SUWANEE — “I personally believe change needs to be made,” declared Officer C. Mathis as Suwanee Town Center rumbled with Black Lives Matter chants.
Led by a junior at Georgia State University and a North Gwinnett High School alumna, Rin Cook took it upon herself to hold a protest on June 5, 2020, in Suwanee to bring light to the Black Lives Matter movement.
“I had no intention of planning a demonstration,” she claimed. “But I wasn’t going to wait around for someone else to solve the world’s problems for me.”
Following the death of George Floyd, Breonna Taylor and the countless other black individuals that have lost their lives due to police brutality, the nation’s citizens took to the streets as they began rallying against a system it believes has become corrupt.
Suwanee residents could not sit calm as they came together to peacefully rally against the atrocities.
June 5 is the birthday of Breonna Taylor, a frontline EMT worker who lost her life as well. Cook and the approximate 3,000 other Suwanee protesters murmured a lingering ‘Happy Birthday’ to Taylor.
“Our chains were shifted to handcuffs,” said Lauryn Johnson as she began the event acknowledging the lives lost due to racism.
“Gather all of your friends in your local ice cream shop,” Kimberly Jones proposes. “If even 40 people come with a notepad and are assigned one job to bring forth change, imagine all we can do.”
As residents chanted in support, messages of solidarity and confidence were spoken by many local leaders.
“When we are not on the table, we are on the menu,” said candidate for Georgia’s 7th District, Nabilah Islam as she spoke about the importance of voting in local elections.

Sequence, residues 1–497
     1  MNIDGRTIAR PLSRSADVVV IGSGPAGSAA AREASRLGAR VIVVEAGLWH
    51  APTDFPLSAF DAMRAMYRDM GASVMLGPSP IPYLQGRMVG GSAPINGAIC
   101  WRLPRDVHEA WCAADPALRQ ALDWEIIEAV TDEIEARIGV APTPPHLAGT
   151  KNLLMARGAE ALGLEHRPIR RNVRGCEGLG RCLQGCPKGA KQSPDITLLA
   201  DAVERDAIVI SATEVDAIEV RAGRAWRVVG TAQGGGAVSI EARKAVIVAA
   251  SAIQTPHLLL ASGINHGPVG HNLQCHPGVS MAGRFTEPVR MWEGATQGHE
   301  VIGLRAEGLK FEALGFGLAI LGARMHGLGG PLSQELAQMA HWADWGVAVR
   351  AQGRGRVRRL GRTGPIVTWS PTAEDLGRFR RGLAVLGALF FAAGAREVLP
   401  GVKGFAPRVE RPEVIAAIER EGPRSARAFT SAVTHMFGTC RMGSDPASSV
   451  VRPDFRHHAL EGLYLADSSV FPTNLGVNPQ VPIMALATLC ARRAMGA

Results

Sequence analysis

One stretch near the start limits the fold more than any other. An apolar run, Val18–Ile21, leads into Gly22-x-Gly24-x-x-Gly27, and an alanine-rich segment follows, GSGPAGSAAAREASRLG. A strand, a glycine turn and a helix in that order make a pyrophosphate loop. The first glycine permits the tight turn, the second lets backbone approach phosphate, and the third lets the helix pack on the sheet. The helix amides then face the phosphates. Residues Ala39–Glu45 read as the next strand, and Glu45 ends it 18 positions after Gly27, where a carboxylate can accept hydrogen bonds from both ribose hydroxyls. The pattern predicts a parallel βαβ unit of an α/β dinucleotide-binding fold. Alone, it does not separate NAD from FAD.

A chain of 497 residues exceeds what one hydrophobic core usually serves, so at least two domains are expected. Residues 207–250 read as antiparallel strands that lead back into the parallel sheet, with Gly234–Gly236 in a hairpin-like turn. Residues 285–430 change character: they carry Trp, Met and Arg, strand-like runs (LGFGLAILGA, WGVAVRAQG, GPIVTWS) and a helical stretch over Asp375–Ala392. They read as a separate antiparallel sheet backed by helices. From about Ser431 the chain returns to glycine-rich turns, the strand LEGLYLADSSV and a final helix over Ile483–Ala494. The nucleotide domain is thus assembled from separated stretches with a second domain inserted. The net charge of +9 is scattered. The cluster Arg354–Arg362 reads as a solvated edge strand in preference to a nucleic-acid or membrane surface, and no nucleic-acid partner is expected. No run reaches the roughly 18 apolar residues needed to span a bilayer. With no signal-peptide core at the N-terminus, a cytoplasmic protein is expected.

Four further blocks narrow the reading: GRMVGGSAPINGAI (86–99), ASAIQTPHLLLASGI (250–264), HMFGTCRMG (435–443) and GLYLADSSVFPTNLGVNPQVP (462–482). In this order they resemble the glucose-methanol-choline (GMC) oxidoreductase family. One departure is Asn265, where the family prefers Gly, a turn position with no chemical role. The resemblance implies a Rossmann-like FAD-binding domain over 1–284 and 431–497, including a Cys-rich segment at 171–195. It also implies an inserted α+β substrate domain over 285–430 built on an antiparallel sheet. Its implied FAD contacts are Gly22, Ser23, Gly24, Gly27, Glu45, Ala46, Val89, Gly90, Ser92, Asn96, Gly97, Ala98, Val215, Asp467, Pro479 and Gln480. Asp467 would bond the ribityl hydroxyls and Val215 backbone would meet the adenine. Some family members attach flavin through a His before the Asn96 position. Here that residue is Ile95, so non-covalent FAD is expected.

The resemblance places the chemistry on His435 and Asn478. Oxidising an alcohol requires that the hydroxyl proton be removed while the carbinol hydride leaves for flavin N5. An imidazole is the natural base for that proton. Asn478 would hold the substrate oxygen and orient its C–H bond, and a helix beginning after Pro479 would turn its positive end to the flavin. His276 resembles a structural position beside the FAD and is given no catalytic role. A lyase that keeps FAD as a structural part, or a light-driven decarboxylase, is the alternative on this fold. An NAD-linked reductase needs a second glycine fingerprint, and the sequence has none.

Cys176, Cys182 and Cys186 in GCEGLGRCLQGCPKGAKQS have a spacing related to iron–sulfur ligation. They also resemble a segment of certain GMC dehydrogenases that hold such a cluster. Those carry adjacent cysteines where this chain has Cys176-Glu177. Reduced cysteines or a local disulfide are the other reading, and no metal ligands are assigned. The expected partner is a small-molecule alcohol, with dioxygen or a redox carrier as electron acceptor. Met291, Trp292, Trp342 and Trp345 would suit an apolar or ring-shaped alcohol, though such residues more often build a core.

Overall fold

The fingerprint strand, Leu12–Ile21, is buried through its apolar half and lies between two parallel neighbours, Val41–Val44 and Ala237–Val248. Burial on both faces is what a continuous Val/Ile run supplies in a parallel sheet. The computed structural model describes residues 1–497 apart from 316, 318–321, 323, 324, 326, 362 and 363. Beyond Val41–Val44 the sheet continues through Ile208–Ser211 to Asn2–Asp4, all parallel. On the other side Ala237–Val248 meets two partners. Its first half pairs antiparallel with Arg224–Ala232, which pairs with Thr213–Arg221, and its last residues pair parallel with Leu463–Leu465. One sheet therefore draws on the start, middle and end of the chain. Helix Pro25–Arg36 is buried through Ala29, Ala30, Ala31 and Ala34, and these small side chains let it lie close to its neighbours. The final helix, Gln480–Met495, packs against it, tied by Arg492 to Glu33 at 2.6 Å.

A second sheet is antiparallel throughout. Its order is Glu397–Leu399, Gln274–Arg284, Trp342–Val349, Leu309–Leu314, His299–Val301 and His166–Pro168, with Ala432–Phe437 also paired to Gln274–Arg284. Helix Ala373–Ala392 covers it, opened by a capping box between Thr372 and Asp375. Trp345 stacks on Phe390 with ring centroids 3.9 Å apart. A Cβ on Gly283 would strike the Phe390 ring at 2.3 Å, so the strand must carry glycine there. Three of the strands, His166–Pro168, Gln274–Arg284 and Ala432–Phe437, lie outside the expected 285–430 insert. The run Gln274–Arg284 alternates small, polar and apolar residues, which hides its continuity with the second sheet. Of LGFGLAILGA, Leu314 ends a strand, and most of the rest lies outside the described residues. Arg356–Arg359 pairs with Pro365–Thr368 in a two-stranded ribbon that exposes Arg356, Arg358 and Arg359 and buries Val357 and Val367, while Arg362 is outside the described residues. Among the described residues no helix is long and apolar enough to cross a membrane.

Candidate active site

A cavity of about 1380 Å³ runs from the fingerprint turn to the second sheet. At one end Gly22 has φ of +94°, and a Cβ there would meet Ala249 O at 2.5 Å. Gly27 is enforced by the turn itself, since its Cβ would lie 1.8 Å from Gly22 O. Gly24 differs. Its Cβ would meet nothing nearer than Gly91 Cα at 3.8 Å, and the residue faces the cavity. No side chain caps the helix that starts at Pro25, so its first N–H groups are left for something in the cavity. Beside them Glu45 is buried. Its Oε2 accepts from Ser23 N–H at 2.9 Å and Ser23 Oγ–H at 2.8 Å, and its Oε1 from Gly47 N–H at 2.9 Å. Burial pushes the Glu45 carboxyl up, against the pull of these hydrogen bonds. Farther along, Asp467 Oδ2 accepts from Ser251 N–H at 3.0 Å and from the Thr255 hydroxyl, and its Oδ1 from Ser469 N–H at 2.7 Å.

“You make our democracy work,” said Matielyn Jones, a candidate running for Georgia State Senate in District 45. Her words were directed to the young people that had taken to the streets.
Following the speakers, Cook asked for the crowd to reflect in a 9 minute moment of silence- the same amount of time in which one Minneapolis police officer kneeled on George Floyd’s neck ultimately killing him.
In those nine minutes, despite having the entire park overflowing with protesters, the park was silent. Muffled sobs and silent prayers filled the air.
Sydney Jackson continued the event by singing “Amazing Grace.”
A Suwanee businessman spoke about the current events as he said, “I don’t have much advice or wisdom to impart like the rest of our speakers. But how do I tell my son that though I can afford a hoodie, he cannot?”
The floor was then opened to protesters who wished to share a few words. Many students spoke out about the injustices they have grown up witnessing.
“I am seventeen years old, and I am scared. I am terrified,” a student tearfully said.
A woman who wishes to remain anonymous commented on the matter as well.
“I moved here from India 22 years ago in hopes of giving my children a better life, but I still worry when my children go out because of what society may think of them as,” she said.
“Racism is taught, hate is taught. We have to teach our children to love and respect one another from home,” the lady said.
Once speeches concluded, protesters took to the outskirts of the park and chanted their message to drivers and onlookers of the city.
Many cars, including ambulance trucks, honked in support as they passed Lawrenceville-Suwanee road.
Amongst the thousands of protesters was the Suwanee Police Department who was seen passing out donuts to attendees. Though the protesters were hesitant, many were seen taking pictures with the officers as they held their own signs of solidarity.
Officer C. Mathis and Sergeant Nick Jones commented when asked about their reaction to the community coming together. “If we are able to sit down and have more conversation, we can have more progress,” said Sergeant Jones.
The entire Suwanee City Council attended in unity with its citizens as they fist-bumped and embraced many citizens as they expressed their concerns.
“If we steward this well, we will look back on this moment in our history as sacred and significant; a catalyst for meaningful and lasting change and for greater unity,” said Councilwoman Linnea Miller.
At around 7 p.m., remaining protesters gathered to the stage for a prayer circle. Residents brought their faith forward as they recalled the events occurring in the nation.
As protesters peacefully assembled in hopes to bring about change in their community, Cook commented by saying, “If we wish to be treated with kindness, then kindness must pour from every inch of our beings until the enemy is drowning in love.”
— By Nida Merchant